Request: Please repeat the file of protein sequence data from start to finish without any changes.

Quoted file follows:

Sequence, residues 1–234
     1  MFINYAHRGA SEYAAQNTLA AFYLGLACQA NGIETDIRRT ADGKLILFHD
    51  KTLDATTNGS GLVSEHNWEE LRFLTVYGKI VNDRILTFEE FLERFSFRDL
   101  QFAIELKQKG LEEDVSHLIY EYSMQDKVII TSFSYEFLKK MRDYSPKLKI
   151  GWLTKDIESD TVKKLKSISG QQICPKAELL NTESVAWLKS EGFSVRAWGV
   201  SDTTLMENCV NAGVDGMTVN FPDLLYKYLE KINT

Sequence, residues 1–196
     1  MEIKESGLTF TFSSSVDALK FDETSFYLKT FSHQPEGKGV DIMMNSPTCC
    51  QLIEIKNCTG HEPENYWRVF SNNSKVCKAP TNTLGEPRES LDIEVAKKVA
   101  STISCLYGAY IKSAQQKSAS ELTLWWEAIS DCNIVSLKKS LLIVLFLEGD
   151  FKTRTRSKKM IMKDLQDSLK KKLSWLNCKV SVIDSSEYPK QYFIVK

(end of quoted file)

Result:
Sequence, residues 1–234
     1  MFINYAHRGA SEYAAQNTLA AFYLGLACQA NGIETDIRRT ADGKLILFHD
    51  KTLDATTNGS GLVSEHNWEE LRFLTVYGKI VNDRILTFEE FLERFSFRDL
   101  QFAIELKQKG LEEDVSHLIY EYSMQDKVII TSFSYEFLKK MRDYSPKLKI
   151  GWLTKDIESD TVKKLKSISG QQICPKAELL NTESVAWLKS EGFSVRAWGV
   201  SDTTLMENCV NAGVDGMTVN FPDLLYKYLE KINT

Sequence, residues 1–196
     1  MEIKESGLTF TFSSSVDALK FDETSFYLKT FSHQPEGKGV DIMMNSPTCC
    51  QLIEIKNCTG HEPENYWRVF SNNSKVCKAP TNTLGEPRES LDIEVAKKVA
   101  STISCLYGAY IKSAQQKSAS ELTLWWEAIS DCNIVSLKKS LLIVLFLEGD
   151  FKTRTRSKKM IMKDLQDSLK KKLSWLNCKV SVIDSSEYPK QYFIVK